Clarke I. Cady-McCrea, Michael A. Galgano
  1. Department of Neurosurgery, Upstate Medical University, Syracuse, New York, United States.


Copyright: © 2020 Surgical Neurology International This is an open-access article distributed under the terms of the Creative Commons Attribution-Non Commercial-Share Alike 4.0 License, which allows others to remix, tweak, and build upon the work non-commercially, as long as the author is credited and the new creations are licensed under the identical terms.

How to cite this article: Clarke I. Cady-McCrea, Michael A. Galgano. C2 quad-screws facilitate 4-rod fixation across the cervico-thoracic junction. 03-Feb-2021;12:40

How to cite this URL: Clarke I. Cady-McCrea, Michael A. Galgano. C2 quad-screws facilitate 4-rod fixation across the cervico-thoracic junction. 03-Feb-2021;12:40. Available from:

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Background: Cervical spine deformity is a potentially devitalizing problem. Contemporary techniques for repair and reconstruction include fusion using rods of tapered diameter alone, or quadruple-rod constructs in which primary rods are joined to floating accessory rods by connectors. Here, we present how we utilized a quadruple-rod construct to perform five C2 to thoracic spine fusions.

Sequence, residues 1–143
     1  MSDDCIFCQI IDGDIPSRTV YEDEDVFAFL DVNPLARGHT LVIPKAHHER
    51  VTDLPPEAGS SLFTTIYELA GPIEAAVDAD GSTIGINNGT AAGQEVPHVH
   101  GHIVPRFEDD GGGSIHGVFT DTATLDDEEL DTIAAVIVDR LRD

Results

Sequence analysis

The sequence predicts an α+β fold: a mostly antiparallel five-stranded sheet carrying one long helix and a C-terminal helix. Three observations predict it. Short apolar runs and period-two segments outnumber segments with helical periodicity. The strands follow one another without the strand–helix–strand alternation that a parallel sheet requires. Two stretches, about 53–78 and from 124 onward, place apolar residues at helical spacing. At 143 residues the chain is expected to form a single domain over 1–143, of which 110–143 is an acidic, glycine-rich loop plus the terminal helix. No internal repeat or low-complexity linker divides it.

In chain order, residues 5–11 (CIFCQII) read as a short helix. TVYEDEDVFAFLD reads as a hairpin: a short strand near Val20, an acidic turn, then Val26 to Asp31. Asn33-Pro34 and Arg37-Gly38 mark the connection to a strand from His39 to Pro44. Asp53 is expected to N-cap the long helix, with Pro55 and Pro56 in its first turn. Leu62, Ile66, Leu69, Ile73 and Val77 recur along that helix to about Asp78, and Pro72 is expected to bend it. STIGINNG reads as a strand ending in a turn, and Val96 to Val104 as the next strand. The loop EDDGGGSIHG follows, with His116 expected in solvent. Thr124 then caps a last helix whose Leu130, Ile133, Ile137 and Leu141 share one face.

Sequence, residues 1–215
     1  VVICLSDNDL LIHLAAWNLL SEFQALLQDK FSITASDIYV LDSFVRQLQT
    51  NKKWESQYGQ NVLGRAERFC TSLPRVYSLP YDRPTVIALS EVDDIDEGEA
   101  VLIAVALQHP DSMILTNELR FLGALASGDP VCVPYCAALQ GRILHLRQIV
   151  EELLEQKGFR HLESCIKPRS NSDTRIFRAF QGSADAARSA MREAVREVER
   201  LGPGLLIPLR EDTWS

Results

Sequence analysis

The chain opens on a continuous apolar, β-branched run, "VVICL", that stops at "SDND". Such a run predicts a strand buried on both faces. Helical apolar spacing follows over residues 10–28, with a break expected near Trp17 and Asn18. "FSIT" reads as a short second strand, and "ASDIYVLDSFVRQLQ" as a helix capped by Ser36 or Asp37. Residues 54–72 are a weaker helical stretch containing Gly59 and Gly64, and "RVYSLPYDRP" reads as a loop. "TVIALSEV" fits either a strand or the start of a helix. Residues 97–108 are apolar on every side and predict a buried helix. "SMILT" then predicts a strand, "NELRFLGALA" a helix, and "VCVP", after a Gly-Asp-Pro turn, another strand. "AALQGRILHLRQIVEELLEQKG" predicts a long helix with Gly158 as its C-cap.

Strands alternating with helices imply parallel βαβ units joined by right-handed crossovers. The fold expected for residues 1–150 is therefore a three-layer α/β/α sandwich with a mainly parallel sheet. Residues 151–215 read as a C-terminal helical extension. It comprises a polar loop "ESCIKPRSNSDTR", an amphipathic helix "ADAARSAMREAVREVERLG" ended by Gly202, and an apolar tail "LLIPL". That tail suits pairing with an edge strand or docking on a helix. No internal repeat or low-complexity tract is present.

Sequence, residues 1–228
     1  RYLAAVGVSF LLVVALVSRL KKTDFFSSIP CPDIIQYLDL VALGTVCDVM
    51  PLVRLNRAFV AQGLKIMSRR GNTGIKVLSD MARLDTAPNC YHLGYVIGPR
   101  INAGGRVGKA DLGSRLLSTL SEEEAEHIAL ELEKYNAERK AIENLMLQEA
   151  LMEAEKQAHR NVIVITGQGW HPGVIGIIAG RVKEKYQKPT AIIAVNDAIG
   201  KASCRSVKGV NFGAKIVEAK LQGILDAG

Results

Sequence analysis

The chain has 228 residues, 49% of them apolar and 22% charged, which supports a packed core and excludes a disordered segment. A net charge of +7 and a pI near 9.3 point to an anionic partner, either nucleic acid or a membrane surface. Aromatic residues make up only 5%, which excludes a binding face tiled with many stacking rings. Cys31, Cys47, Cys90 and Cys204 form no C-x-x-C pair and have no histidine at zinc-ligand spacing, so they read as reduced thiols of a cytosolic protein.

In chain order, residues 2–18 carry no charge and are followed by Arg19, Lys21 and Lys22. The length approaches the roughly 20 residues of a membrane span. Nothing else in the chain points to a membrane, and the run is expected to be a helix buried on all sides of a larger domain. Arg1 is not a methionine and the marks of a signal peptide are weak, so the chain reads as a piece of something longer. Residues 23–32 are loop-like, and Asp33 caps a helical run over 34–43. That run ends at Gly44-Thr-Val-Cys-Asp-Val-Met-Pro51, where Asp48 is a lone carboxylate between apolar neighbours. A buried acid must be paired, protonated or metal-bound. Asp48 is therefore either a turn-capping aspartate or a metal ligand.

Methods: Our hospital electronic medical record revealed five patients who underwent the four rod C2-thoracic spine fixation. Patients ranged in age from 14-years-old to 78-years-old. The mean operative time was 715.8 min (range 549–987 min), and average estimated blood loss was 878 cc (range 40–1800 cc).

Results: None of the five patients sustained any intraoperative complications, and none demonstrated progressive kyphotic deformity over the average follow-up interval of 8 months.

Conclusion: We successfully treated five patients with degenerative or oncologic cervical pathology requiring fixation across the cervicothoracic junction utilizing a 4-rod C2-cervicothoracic fusion technique.

Keywords: Cervical spine, Cervico-thoracic junction, Posterior instrumentation, Spinal deformity, Spinal tumor


Numerous etiologies contribute to cervical spine deformity.[ 1 , 6 ] High biomechanical strain and anatomic variability between the cervical and thoracic spinal segments pose unique challenges to achieving a posterior fusion construct across the cervicothoracic junction (CTJ).[ 2 , 6 , 8 ] Quadruple-rod constructs have demonstrated higher correction rates and less correction loss compared to dual-rod constructs across the lumbosacral junction but have not yet been popularized in the cervical spine.[ 3 , 8 , 9 ]